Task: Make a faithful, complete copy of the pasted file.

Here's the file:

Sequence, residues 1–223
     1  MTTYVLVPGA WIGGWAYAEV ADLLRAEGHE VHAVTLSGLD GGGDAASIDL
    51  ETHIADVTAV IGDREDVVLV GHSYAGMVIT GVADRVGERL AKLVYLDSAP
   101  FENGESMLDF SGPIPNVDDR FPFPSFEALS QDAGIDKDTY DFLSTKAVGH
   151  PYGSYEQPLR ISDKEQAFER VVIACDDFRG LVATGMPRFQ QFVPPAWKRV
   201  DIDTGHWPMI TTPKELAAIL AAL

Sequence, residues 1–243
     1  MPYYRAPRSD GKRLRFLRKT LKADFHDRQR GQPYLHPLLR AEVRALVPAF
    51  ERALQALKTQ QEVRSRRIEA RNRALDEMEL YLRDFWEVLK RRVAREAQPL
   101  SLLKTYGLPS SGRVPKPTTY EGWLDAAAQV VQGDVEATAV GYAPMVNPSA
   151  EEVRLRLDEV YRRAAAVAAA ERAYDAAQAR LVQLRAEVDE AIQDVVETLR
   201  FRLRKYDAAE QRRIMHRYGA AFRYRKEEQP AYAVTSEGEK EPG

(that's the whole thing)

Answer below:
Sequence, residues 1–223
     1  MTTYVLVPGA WIGGWAYAEV ADLLRAEGHE VHAVTLSGLD GGGDAASIDL
    51  ETHIADVTAV IGDREDVVLV GHSYAGMVIT GVADRVGERL AKLVYLDSAP
   101  FENGESMLDF SGPIPNVDDR FPFPSFEALS QDAGIDKDTY DFLSTKAVGH
   151  PYGSYEQPLR ISDKEQAFER VVIACDDFRG LVATGMPRFQ QFVPPAWKRV
   201  DIDTGHWPMI TTPKELAAIL AAL

Sequence, residues 1–243
     1  MPYYRAPRSD GKRLRFLRKT LKADFHDRQR GQPYLHPLLR AEVRALVPAF
    51  ERALQALKTQ QEVRSRRIEA RNRALDEMEL YLRDFWEVLK RRVAREAQPL
   101  SLLKTYGLPS SGRVPKPTTY EGWLDAAAQV VQGDVEATAV GYAPMVNPSA
   151  EEVRLRLDEV YRRAAAVAAA ERAYDAAQAR LVQLRAEVDE AIQDVVETLR
   201  FRLRKYDAAE QRRIMHRYGA AFRYRKEEQP AYAVTSEGEK EPG